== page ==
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Alston v. Lindsey

United States District Court, D. Connecticut

April 7, 2017

IRA ALSTON, plaintiff,
ALFONSO LINDSEY, ET AL., defendants.


          Alfred V. Covello United States District Judge

         The plaintiff, Ira Alston, confined at the MacDougall-Walker Correctional Institution in Suffield, Connecticut, filed this case pro se under 42 U.S.C. § 1983. On January 22, 2016, Court, Haight, D.J., noted that Alston failed to identify any federal rights violated by the defendants and permitted him to amend his complaint to do so. Alston has filed an amended complaint setting forth the same factual allegations and identifying various federal and state claims. He names the same defendants: lieutenants Alfonso Lindsey, David Josefiak and Sean Guimond, captains Tuttle, Gregio Robles and Brian Jackson, warden Anne Cournoyer, nurses Lisa Mosier, Kristin Carabine and Victoria Scruggs, and correctional officers Mihaliak, Kimber, Hafner, Feliz, Cassidy, Cichocki, Munson and Boudreau. All of the defendants are named in their individual and official capacities.

         Under section 1915A of title 28 of the United States Code, the court must review prisoner civil complaints and dismiss any portion of the complaint that is frivolous or malicious, that fails to state a claim upon which relief may be granted, or that seeks monetary relief from a defendant who is immune from such relief. Id. In reviewing a pro se complaint, the court must assume the truth of the allegations, and interpret them liberally to “raise the strongest arguments [they] suggest[].” Abbas v. Dixon, 480 F.3d 636, 639 (2d Cir. 2007).

         Although detailed allegations are not required, the complaint must include sufficient facts to afford the defendants fair notice of the claims and the grounds upon which they are based and to demonstrate a right to relief. Bell Atlantic v. Twombly, 550 U.S. 544, 555-56 (2007). Conclusory allegations are not sufficient. Ashcroft v. Iqbal, 556 U.S. 662, 678 (2009). The plaintiff must plead “enough facts to state a claim to relief that is plausible on its face.” Twombly, 550 U.S. at 570. Nevertheless, it is well-established that “[p]ro se complaints ‘must be construed liberally and interpreted to raise the strongest arguments that they suggest.'” Sykes v. Bank of Am., 723 F.3d 399, 403 (2d Cir. 2013) (quoting Triestman v. Fed. Bureau of Prisons, 470 F.3d 471, 474 (2d Cir. 2006)); see also Tracy v. Freshwater, 623 F.3d 90, 101-02 (2d Cir. 2010) (discussing special rules of solicitude for pro se litigants).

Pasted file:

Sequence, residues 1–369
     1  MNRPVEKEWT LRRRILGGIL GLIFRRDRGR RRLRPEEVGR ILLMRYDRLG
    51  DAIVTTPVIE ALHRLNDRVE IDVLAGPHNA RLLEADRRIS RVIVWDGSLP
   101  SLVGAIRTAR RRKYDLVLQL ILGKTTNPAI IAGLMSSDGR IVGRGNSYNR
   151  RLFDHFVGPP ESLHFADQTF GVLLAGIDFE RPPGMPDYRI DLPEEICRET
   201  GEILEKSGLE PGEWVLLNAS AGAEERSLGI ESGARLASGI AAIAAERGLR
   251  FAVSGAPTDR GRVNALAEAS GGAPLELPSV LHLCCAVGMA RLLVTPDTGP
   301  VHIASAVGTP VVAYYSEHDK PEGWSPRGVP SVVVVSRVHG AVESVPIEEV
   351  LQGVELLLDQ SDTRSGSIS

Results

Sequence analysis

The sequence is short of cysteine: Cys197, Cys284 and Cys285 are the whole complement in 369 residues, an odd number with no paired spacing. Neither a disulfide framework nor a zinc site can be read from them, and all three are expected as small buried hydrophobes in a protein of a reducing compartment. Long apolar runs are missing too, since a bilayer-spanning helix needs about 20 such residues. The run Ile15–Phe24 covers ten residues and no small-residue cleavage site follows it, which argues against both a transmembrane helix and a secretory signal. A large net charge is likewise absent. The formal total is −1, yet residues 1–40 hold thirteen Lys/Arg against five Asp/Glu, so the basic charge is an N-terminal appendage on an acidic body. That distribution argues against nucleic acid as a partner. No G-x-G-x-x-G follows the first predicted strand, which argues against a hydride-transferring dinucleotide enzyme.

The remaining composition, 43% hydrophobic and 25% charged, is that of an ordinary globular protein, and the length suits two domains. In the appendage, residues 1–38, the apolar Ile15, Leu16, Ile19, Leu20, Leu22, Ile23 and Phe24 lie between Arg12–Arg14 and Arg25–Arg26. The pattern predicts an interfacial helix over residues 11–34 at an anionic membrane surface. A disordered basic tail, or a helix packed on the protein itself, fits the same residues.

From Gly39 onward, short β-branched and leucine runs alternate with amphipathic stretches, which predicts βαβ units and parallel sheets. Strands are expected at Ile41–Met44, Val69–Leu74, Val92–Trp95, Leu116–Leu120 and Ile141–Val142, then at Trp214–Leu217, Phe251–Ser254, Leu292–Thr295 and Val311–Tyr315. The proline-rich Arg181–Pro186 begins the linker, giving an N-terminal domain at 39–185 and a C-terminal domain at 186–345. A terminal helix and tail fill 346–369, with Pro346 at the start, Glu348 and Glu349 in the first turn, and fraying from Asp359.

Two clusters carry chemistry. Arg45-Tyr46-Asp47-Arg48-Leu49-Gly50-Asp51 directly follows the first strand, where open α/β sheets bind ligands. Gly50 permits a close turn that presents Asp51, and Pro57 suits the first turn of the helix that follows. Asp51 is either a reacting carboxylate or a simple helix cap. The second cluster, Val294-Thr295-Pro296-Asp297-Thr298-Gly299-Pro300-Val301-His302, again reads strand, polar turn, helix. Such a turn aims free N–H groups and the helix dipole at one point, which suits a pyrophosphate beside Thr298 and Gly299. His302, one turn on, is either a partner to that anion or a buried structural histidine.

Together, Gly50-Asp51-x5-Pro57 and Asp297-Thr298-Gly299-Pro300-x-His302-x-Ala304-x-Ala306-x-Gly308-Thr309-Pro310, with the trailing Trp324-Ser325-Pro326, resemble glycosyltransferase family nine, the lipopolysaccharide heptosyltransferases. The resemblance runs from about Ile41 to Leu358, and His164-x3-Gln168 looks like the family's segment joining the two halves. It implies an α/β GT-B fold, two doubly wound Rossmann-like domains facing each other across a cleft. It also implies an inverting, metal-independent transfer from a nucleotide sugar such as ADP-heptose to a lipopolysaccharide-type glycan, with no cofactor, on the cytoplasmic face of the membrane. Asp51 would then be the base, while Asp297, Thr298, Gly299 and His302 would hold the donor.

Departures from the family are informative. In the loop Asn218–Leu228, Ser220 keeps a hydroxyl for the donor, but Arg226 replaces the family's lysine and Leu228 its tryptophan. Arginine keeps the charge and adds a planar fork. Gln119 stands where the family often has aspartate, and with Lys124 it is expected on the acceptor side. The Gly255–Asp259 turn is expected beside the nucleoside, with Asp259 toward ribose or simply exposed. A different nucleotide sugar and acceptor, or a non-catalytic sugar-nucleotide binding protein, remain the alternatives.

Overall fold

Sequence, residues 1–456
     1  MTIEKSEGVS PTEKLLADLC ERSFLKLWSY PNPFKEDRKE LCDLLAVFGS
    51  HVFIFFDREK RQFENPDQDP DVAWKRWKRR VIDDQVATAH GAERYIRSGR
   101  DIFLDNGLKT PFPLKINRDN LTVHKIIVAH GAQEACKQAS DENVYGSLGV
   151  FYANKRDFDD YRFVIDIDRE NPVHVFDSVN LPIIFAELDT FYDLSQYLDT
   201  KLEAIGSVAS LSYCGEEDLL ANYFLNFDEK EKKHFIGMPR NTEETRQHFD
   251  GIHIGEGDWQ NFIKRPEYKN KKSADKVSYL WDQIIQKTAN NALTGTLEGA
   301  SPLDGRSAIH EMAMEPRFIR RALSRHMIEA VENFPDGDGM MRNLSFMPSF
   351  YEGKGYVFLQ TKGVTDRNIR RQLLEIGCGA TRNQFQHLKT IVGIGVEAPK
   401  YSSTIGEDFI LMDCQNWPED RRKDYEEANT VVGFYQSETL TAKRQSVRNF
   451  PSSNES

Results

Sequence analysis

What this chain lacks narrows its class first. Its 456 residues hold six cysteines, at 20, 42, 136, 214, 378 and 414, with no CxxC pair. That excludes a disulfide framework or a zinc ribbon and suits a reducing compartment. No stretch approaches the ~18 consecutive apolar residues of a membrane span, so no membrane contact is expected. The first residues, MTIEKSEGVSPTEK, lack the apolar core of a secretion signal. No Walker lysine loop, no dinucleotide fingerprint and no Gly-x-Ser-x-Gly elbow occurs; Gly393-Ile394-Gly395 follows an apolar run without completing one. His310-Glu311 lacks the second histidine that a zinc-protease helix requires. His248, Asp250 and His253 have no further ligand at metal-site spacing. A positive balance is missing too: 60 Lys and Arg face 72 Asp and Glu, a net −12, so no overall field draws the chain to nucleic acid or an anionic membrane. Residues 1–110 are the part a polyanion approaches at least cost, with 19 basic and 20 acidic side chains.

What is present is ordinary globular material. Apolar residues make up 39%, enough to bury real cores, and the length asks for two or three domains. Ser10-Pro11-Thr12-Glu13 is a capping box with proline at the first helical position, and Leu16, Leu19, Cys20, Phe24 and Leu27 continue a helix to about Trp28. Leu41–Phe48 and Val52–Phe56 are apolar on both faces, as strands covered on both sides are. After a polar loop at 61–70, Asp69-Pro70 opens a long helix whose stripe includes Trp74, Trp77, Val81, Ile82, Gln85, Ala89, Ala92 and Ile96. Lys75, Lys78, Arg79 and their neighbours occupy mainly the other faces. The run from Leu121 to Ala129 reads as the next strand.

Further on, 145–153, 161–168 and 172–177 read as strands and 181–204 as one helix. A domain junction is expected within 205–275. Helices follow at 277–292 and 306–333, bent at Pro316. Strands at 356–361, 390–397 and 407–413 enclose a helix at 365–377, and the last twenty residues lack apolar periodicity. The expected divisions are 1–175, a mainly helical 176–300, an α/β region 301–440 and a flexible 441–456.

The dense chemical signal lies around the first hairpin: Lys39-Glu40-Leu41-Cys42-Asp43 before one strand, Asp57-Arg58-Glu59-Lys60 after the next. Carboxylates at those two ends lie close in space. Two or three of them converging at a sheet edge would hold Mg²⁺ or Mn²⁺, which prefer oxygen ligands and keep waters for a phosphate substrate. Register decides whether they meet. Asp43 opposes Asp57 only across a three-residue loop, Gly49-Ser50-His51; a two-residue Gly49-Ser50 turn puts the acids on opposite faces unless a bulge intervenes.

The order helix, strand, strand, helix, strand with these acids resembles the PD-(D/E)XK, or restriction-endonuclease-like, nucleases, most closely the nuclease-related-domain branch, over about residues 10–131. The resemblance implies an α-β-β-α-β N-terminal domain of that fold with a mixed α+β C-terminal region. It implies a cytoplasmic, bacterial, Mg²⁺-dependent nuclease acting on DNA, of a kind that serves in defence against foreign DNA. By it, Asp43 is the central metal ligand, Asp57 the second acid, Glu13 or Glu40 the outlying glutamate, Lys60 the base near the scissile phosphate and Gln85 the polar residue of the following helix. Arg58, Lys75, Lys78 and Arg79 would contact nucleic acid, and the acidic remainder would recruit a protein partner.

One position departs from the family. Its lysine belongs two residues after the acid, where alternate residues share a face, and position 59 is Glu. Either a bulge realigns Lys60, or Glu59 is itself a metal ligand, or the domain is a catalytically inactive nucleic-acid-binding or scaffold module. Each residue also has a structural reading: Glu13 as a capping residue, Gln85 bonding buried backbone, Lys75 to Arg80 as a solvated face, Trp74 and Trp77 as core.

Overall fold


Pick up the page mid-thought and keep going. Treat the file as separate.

The amended complaint alleges the following facts. The plaintiff is currently confined at the Northern Correctional Institution, where the incident giving rise to the amended complaint occurred. On April 21, 2015, the defendants, Feliz and Munson, escorted Alston to the shower. While he was showering, the defendants, Feliz, Munson, Boudreau, Kimber, Cichocki, Mihaliak, Cassidy and Hafner, entered Alston's cell, destroying personal and legal property and disorganizing all of his legal materials. When Alston returned to his cell, he asked Feliz what caused the destruction in his cell. Feliz stated that "this is how we feel about jailhouse lawyers."

         Alston asked Munson and Feliz to summon a shift supervisor, which they refused to do. Alston, in an attempt to "get the attention of the shift supervisor, " then refused to permit Munson and Feliz to remove his handcuffs. During this standoff, Mihaliak told Alston that the correctional officers would not get in trouble for what they did to his cell because the cell was not visible on the surveillance cameras. Kimber eventually summoned a shift supervisor.

         When the defendants, lieutenants Lindsey and Guimond, arrived at the cell, Alston informed them of what the correctional officers had done to his cell, but they refused to look into the cell to view the destruction. Instead, they demanded that Alston place his hands through the trap in the cell door to have the handcuffs removed. Lindsey and Guimond refused to document the damage to Alston's belongings, stating that they saw nothing to document. Alston asked Lindsey and Guimond to record the state of his cell on a handheld camera. Lindsey refused and stated that a handheld camera would only be used to document Alston's placement on in-cell restraint status if he failed to return the handcuffs.